Back in December 2010 when I first proposed on #gtchat an international pro-active effort to promote the needs of gifted children I had a very specific purpose in mind. Advocacy has a very particular meaning to me. Not one to holler and do nothing, two colleagues and I set about establishing a Gifted Education Awareness Day in Ireland.
It was pleasing to see the World Council respond to requests with a day at the end of their conference last year, even if the day had different names and seemed more like an addendum rather than a purposefuly planned event. Progress is progress.
This year in Ireland, we extended our National Awareness Day to an Awareness Week with the help and support of many including CTYI and ICEPE. It is nice to see the World Council following on this year with a week of their own.
Sadly, I fear that yet again, one of the most significant bodies in the strongest position to advance the needs of gifted children has missed the point again.
Certainly, as a community, advocates for gifted children must be mutually supportive; not for their own ends but for the needs of gifted children. Advocates can be a vital safety net when our own individual kites go haywire and fall from the sky. Fellow advocates can help us unwind our twisted lines and get us flying again. The more advocates we have, the better. So any effort that seeks to bolster mutual support is welcome.
However, we should be careful not to use our own hot air to fly our own kites aimlessly. Unless gifted advocates are working outside the community of advocates, unless we move beyond preaching to the converted, we cannot advance the mission of ensuring the needs of gifted children are met – locally, nationally and globally.
Firstly, ‘International Days of’ should be reserved for spreading the word beyond the existing community, for promoting awareness and insisting on policy responses to the needs of gifted children. If such days are seen as an ‘in-house’ day, how can we and our cause be taken seriously. Certainly, I can’t see gifted children thanking us for it; “well done, you’ve had a great week but I still have to go back to my crumby classroom”.
Secondly, many advocates have moved beyond the confines of the gifted community – true outreachers such as Mary St. George and Roya Klingner and have achieved huge amounts. But we need more internationally. Our efforts should not be limited to an occasional event but rather a movement with a goal and a plan. As in 2010, if you’re interested, you know where I am.
I’m not entirely sure what you’re hoping for. I’ve seen a vast international reply to this call. I myself am certainly not ‘in house’ anything, more like ‘behind the house next to the dumpster’. Perhaps you are misunderstanding the power of social media but the advocacy base has grown so significantly that there are states over here in the US discussing increasing funding. Louisiana is serving as a model and several teacher friends of mine have been discussing the professional development going on for the gifted and often thank me for sharing these days and weeks.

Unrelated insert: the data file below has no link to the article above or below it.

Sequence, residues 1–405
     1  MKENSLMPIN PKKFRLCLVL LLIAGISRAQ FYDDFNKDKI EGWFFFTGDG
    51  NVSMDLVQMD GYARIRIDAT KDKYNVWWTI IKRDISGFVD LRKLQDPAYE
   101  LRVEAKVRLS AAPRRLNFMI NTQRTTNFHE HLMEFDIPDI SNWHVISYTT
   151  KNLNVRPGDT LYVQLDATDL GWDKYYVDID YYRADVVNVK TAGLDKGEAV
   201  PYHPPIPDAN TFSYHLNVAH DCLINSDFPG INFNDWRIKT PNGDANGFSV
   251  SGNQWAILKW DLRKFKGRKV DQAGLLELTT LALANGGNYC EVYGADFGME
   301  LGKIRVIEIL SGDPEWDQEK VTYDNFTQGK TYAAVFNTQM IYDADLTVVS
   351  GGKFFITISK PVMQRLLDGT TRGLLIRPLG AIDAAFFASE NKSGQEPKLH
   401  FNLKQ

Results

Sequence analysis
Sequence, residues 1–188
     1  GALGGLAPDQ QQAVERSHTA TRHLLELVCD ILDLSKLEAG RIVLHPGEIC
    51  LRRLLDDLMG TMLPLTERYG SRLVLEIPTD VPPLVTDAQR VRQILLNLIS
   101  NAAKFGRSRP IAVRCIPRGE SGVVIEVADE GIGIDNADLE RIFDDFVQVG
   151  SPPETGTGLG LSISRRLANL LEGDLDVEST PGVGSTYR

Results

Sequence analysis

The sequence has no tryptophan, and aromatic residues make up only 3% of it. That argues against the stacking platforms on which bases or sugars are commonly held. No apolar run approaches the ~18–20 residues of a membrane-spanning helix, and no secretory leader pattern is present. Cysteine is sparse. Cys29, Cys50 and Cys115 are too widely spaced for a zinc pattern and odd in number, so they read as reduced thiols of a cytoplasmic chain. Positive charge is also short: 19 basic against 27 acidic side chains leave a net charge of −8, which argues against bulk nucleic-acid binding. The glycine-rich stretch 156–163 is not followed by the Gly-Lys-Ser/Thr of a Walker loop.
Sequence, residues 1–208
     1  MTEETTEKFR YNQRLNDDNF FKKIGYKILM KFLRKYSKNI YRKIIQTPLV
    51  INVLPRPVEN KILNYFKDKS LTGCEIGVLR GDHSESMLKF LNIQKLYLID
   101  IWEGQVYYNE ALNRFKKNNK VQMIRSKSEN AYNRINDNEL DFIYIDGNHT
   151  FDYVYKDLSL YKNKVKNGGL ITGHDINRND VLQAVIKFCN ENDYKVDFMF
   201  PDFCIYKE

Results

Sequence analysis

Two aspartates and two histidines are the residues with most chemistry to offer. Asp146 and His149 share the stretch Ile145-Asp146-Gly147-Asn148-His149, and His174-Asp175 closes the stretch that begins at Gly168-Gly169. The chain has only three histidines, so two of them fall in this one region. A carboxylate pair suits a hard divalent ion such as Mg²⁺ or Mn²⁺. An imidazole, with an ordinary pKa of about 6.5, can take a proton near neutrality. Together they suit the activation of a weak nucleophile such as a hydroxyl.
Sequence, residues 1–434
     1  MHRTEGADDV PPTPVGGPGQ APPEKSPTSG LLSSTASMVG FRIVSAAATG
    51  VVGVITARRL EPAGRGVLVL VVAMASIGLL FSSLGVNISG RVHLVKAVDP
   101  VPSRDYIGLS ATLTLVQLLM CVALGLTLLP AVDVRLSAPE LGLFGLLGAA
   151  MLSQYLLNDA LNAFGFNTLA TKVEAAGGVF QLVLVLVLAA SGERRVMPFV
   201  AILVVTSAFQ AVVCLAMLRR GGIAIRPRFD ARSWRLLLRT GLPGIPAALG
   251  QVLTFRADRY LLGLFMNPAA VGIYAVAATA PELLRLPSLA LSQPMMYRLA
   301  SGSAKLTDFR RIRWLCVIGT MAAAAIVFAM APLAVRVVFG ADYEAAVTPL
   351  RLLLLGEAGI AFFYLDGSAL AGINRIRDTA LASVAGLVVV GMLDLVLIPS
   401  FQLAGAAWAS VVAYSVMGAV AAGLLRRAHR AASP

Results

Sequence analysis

Perhaps you are not seeing what you want, but I think over the pond here in America it feels quite international.
Could you perhaps explain what it is you want to see since you are clearly unhappy, what would you have done had you been in charge?
Susanne, thanks for taking the time to comment. There has indeed been excellent work done in advocacy in the USA and while this is significant, it is hardly ‘international’. Nonetheless, I am aware that there has been an excellent response to the call – and not just for this week but for others – and from advocates in different parts of the world but it always seems to be answered from within the same group of people. Obviously not everyone who is an advocate blogs or is involved in social media and so the picture is not a true picture of all the efforts of advocates. But how many teachers internationally even know of the existence of the World Council, never mind much of giftedness itself?
On weeks when we aren’t pretending that we are achieving something, social media is full of parents’ accounts having been forced to homeschool their gifted children because teachers don’t even know what ‘gifted’ means; of parents whose gifted child had to move school because they were being bullied as a result of the difference giftedness creates in them, and so on.
I have outlined clearly on my blog and in various chats what I think the goal of gifted advocacy should be; simply, it should be to make gifted advocacy redundant. As I pointed out in my post above, it is good to have a week when we can pat ourselves on the back and be mutually supportive; these things are necessary and important; but we shouldn’t think that in having such a week that we are making progress in raising awareness of the needs of gifted children where they matter most – in schools. The Hungarian Presidency of the EU made a significant move in trying to address giftedness on a policy level last year (http://www.talentday.eu). I suggest the World Council could take a leaf from their book.